by Michael S. Palmer
I feel like Captain Willard reaching the end of the river. It's been a long arduous journey
into the heart of darkness exploring Blu-Con 2010. But as I did last week, we have all mercifully reached the final panel of discussion: "Blu-ray and Music: Storytelling Through Sound." Featured on this panel were two major label music executives, Adam Sosinsky (Sony) and Jim Belcher (Universal), as well as an independent who focuses on the niche audiophile market, Mark Walderp (AIX Records).
For a brief moment I thought this panel was going to focus on how sound is half the cinematic experience and how Blu-ray offers the best soundtracks available. I was half right. It was an odd panel. So much less enthusiastic than everything else in the day, it could've almost been called "Hey, Don't Forget About Us. Blu-rays Can Play Music Too!"
The major label executives seemed unsure about what to do with Blu-ray. Concert footage and CD bonus materials were presented, and to be sure, they looked and sounded great. But after years of failing profits, the major labels seemed afraid of innovation. Leaving them unable to make Blu-rays or concert films for only their top acts. And then, due to the complicated nature of production and soaring egos of successful artists, they're unable to coordinate the release of these concert Blu-rays until months after the artist is no longer on tour. Essentially, the music department of these studio-owned conglomerates wish they had the marketing and financing muscle of their movie-making siblings.
Conversely, the independent and entrepreneurial Mark Waldrep with his low overhead made six Blu-rays this summer over a few days and currently has released the second best selling 3D Blu-ray. Granted, there aren't many 3D Blu-rays out yet and audiophile music recordings are admittedly niche. Still, it was a striking comparison. An excited and bold independent using the latest technology to expand business. And the old giants sad Blu-ray isn't a magic bullet that'll restore the youth and mega-profits of days gone by.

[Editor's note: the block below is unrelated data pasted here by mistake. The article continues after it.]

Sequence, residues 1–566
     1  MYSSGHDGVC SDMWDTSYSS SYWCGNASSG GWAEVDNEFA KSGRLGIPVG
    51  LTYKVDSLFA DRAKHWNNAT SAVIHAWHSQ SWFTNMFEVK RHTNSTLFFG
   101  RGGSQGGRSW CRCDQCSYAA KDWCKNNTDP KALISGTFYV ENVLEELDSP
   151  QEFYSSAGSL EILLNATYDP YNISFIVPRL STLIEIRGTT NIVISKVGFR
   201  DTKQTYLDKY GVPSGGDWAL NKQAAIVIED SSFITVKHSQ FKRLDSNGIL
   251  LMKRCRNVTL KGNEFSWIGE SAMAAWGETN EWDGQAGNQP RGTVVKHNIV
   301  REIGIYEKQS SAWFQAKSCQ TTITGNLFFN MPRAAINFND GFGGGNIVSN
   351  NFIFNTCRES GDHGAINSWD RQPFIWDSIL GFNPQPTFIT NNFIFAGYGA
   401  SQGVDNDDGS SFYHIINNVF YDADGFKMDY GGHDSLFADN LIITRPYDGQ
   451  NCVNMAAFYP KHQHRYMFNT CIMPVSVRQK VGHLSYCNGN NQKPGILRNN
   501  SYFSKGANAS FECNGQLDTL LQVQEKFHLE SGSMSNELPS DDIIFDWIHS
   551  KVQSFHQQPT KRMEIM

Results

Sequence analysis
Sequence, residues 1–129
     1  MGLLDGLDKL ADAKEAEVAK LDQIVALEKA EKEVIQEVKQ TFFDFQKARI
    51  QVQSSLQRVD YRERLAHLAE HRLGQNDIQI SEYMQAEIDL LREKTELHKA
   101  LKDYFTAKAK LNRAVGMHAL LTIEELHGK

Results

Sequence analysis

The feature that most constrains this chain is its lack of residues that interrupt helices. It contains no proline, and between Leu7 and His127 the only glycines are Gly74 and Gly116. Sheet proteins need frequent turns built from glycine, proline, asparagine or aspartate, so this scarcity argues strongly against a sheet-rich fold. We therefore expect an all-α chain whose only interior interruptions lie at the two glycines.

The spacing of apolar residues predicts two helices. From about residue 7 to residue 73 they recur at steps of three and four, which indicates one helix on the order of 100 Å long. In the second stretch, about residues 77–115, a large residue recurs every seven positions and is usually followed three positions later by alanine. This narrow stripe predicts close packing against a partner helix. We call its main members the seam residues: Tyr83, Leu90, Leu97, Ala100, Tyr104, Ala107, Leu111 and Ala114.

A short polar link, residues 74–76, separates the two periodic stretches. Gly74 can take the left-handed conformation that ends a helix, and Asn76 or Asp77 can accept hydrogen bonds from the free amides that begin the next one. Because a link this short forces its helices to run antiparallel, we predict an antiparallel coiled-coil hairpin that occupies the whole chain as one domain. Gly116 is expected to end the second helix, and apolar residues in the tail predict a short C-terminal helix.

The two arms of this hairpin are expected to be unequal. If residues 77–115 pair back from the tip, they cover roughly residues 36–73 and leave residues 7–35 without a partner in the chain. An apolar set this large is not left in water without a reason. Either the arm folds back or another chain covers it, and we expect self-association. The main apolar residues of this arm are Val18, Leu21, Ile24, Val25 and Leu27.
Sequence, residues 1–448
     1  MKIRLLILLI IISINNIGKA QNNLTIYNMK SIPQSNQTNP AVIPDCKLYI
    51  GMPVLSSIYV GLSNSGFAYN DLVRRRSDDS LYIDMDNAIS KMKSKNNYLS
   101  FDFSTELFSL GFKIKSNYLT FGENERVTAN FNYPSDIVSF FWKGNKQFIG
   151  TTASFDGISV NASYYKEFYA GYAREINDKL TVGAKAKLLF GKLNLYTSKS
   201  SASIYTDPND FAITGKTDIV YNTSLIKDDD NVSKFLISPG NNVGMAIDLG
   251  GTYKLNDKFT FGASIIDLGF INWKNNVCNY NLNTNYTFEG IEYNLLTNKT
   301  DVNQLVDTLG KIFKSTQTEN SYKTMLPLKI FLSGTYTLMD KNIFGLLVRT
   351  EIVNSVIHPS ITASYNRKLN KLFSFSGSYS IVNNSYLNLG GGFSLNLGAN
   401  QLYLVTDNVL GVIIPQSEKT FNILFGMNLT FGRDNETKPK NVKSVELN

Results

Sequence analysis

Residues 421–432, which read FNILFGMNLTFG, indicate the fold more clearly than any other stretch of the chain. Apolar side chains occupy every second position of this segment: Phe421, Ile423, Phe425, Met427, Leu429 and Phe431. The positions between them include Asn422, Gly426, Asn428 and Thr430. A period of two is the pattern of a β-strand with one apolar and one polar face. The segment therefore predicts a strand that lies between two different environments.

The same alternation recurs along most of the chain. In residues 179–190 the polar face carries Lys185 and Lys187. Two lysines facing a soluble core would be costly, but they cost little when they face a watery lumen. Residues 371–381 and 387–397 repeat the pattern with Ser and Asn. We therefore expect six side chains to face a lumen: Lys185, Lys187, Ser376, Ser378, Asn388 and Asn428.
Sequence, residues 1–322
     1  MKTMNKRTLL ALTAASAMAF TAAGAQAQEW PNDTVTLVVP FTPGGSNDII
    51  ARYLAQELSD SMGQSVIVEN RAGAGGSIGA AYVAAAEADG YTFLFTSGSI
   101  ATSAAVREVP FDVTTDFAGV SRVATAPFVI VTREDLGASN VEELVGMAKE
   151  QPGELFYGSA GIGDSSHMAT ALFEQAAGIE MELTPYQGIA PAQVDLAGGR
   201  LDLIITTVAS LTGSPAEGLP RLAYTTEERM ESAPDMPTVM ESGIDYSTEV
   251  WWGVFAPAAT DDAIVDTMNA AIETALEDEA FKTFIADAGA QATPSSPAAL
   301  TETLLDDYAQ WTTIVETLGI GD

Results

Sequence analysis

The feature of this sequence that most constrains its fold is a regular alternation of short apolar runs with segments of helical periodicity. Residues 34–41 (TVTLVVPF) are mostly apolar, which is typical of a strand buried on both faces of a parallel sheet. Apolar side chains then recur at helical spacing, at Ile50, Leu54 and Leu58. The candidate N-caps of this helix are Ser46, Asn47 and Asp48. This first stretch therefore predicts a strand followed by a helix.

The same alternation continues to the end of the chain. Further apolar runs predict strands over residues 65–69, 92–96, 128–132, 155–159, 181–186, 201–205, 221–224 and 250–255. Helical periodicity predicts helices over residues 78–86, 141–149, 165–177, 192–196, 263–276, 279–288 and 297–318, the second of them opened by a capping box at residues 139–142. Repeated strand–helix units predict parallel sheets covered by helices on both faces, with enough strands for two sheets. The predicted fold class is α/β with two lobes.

Universal and Sony do have some fun Blu-rays coming out soon. Universal released 'The Police: Certifiable' and Sony gave us a sneak peak at an upcoming 3 CD, 3 Blu-ray Bruce Springsteen boxed set entitled 'The Promise: The Darkness On The Edge of Town Story'. For concert films, the Blu-ray experience is, in most cases, a better experience than actually going to the concert. The audio will be cleaner and less distorted by sheer decibel levels. And of course the HD video puts you all over the concert venue, from right up on stage to deep within the roaring crowd.
AIX releases seem to be a hybrid between a "concert" and a "traditional album recording". Meaning, they produce these events by putting musicians in one room together to perform classical, jazz, and folk selections (I'm sure there's much more to this; we had a limited sampling) in single takes. Mr. Waldrep said Blu-ray's 7.1 audio channels capabilities means that listeners will be getting a better experience than actually being in the room with the musicians. Further, because there's no crowd at these "live" recordings, it's not a concert film and, according to Mr. Walderp, therefore much more repeatable. It's simply an album, which happens to include video.
Blu-ray as "a spinning disc" is the best on the market, and perfect for audiophiles because it requires no tampering or processing to make it sound right. It's a full resolution recording where each instrument and vocalization sounds exactly as it does in the real world. And though AIX's releases include footage of the musicians' performances, music on Blu-ray doesn't necessarily need to be concert-esc. Any album could be mixed in multichannel sound with still images or some kind of B-roll displayed over it. Universal, for instance, has re-mastered and is re-releasing Tom Petty and the Heartbreakers' 'Damn the Torpedos'.
What do you think, dear readers? Do any of you own any concert films, or repeatedly watch concert films? Are you looking forward to lossless multichannel music releases? Or are CDs and MP3s still good enough? Hit up the forums and let us know.
And with our Blu-Con 2010 coverage coming to a close, I'll leave you with what ended the day at the Beverly Hilton. See you next year!
"Many of you haven't voted yet on this election day, but consumers have already voted with their wallets, and the winner is Blu-ray." – Craig Kornblau (President, Universal Home Entertainment)
A little corny? Yes, but I'm all for a world where everyone gets to enjoy Blu-ray as much a I do.